Creating Automaps - A Tutorial
First a few words about the way Thief handles maps:
The basic map is the one you see when you are nowhere special - nothing is marked
in blue. Room maps are parts of the basic map, with a part of them blue.
Thief copies one of these on the basic map when the room you are in has an
Automap property, but more on that later. If that all sounds rather strange,
take a look at the maps that come with Thief (which is never a bad idea).
There are three kinds of files necessary for a functioning automap:
The basic map. Obviously you can have more than one, but numbering should always start at 001,
with ddd being a three digit number.
The room maps for the basic map named Pageddd.pcx. The numbering is similar: ddd should be the same
as that of the basic map to which it belongs, nnn is the number of the room map and should begin with 000.
For each of these, numbering should be continually, without gaps.
This file contains positioning information for the room maps. When Thief copies the room map unto the basic map,
it needs to know where to put it. That information is found here.
Creating the map:
I can't really help with drawing the map, because you've got to know yourself what
you want it to look like.
What you'll need to do is use some graphics editing program and load the blank map
named Page001.pcx that came with DromEd. Sketch your level unto it.
Save it as Page001.pcx
(I don't need to remind you that you'll want to keep the blank map for further projects, do I?).
Now select a part of the map you want to display as automap and copy it to a new file/image. Edit this smaller image to give
your room the blueish color.
(I haven't found a perfect way to do this yet, as I'm not really talented in editing
graphics. I'm working with Picture Publisher, so what I did was select the part of the
image I wanted to turn blue and used 'Hue Shift'. The problem is, it only works in
True Color and I had to convert the image back to the Thief palette afterwards -
Thief wants the maps to be 256 color and have its usual palette, else it won't work properly.)
When you're done with painting, save the room map as P001R000.pcx. You can create
room maps for P001R001and onwards the same way.
Positioning the room maps:
Probably the most complicated part: For each of your created room maps you need to get
the X and Y values of the upper left corner where it should appear on the basic map,
and the room map's width and height. Those values are needed for the positioning file.
Now create a file named P001ra.bin with a size of 8*(number of your rooms) bytes.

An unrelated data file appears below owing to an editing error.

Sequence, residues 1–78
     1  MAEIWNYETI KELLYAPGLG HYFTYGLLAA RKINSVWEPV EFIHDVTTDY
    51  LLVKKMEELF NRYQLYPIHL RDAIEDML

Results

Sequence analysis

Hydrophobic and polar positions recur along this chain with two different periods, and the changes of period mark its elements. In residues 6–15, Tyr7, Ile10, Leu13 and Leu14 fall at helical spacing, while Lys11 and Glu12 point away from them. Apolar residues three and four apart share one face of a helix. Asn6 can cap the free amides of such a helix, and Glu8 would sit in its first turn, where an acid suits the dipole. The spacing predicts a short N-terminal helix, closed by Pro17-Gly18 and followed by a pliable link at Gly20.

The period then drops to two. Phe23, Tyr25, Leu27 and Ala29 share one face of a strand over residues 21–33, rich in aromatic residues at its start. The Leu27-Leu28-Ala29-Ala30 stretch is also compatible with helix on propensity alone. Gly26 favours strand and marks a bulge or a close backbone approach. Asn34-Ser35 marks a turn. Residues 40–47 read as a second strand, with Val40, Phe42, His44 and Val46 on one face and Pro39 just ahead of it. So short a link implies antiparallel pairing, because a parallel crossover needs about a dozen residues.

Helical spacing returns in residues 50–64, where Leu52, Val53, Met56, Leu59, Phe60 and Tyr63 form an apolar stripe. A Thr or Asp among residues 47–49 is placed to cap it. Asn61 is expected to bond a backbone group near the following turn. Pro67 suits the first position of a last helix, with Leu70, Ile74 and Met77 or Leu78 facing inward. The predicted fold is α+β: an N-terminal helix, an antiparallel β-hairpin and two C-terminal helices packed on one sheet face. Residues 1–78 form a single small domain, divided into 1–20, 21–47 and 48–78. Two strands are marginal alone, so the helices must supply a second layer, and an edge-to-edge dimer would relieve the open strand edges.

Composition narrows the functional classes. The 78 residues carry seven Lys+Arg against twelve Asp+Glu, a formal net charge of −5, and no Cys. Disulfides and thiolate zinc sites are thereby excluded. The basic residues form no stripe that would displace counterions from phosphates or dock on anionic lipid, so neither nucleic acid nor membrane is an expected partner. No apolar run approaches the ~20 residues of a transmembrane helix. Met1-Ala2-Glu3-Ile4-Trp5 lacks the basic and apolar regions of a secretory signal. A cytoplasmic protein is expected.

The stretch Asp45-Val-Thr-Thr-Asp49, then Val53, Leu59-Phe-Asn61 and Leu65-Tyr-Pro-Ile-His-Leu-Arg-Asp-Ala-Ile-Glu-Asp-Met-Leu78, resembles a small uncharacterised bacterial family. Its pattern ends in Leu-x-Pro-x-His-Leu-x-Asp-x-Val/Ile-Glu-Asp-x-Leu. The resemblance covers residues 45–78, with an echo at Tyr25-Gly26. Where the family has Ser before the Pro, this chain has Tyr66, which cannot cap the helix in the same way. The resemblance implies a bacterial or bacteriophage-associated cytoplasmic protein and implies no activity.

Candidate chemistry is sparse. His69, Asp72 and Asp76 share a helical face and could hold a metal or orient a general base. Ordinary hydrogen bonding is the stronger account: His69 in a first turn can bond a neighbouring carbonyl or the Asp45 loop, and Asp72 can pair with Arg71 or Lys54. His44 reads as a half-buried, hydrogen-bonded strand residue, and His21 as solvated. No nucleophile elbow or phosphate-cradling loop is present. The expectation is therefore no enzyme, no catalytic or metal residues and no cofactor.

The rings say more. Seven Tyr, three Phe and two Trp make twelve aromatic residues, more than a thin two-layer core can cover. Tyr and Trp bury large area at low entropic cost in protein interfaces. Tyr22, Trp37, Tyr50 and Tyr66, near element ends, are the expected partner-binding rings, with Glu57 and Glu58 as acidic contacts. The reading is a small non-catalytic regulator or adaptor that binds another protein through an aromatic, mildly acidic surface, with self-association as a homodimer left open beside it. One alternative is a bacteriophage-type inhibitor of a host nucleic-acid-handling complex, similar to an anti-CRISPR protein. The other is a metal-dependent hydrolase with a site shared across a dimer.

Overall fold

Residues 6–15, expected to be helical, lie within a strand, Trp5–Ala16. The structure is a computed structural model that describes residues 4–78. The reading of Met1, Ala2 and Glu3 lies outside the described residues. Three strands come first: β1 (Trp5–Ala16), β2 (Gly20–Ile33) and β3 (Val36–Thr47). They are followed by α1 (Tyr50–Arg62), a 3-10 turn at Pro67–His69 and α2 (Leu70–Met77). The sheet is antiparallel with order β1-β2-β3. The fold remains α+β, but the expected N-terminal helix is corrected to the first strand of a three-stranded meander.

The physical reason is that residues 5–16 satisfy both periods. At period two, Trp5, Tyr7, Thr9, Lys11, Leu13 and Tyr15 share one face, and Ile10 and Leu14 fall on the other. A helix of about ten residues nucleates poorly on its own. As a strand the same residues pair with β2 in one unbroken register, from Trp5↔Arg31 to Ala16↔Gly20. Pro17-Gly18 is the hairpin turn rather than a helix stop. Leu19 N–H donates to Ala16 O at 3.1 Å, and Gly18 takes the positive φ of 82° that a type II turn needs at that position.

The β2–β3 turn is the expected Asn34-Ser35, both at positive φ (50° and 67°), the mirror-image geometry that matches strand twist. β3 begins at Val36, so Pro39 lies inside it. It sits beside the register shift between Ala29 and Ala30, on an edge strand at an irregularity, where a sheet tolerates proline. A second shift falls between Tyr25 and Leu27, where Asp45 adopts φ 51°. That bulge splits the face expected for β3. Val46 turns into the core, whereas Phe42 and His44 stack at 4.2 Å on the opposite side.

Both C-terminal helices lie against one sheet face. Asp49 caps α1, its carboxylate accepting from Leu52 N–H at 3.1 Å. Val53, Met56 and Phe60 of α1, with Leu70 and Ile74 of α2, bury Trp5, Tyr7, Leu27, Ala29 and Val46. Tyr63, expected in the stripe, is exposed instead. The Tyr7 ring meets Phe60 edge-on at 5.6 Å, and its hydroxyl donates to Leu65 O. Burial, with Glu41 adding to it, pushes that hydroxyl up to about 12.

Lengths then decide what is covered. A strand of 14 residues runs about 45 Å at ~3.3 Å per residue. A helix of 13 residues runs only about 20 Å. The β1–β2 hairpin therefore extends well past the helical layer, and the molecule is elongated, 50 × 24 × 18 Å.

You can do that easily with a text editor (like Notepad) by writing the above amount
of characters inside.
For the next part you should use a Hex-Editor. Open the file and enter the values for
X,Y,width,height. Each of these values go in two bytes, so that there's 8 bytes for any
room map. Remember that low byte comes first.
(That means, if you have an X value of, say 270, which is 010E in Hex, you'll write
0E 01 into the first two bytes) The first 8 bytes are for the room map P001R000,
the next for P001R001 and so on. Enter the values for each room.
For your mission to use these files, they need to be put into the
\intrface\missxx\english directory, where xx is the number of your mission.
Things to do in DromEd:
For DromEd to use the automaps, select a room brush. Edit its properties and Add:
Room->Automap. Enter the number of the basic map into the first line and the
number of the room map in the second line. (If you want to show the basic map Page001.pcx
with the room map P001R000.pcx on it, first is 1, second is 0).
Another thing do do is set the map_max_page and map_min_page. The numbers you need to enter here
correspond with those of your Pageddd.pcx files.
(If you have 4 basic maps numbered Page001-Page004, map_min_page should be set to 1
and map_max_page to 4. Those variables are entered like the other quest variables with quest_create_mis.)
DromEd should now display the proper automap when you are inside the room.
One thing to note: When I created room brushes they were all named 'default room',
and on adding the Automap property, the others seemed to inherit it. What I did
to get rooms with different automaps was to go into the Object Hierarchy and select
Rooms (as opposed to Archetypes etc.) from the dropdown list. In there already are
usually 'Default Room' with 'Base Room'.
For a another room type, press Add and enter a name for the special room. Then press Create.
You can now create this room brush like any other (even Shift-Insert works). Remember that an automap added to this room
will also show up in other rooms of the same type (I wonder if there's a way around that).
On another note: It seems that, in the game, if you enter a room without an automap property after
leaving one with the property, it will show the basic map without any room map (as it should be).
If that is true in all cases, it would be advisable to always give the room around
the StartingPoint an automap.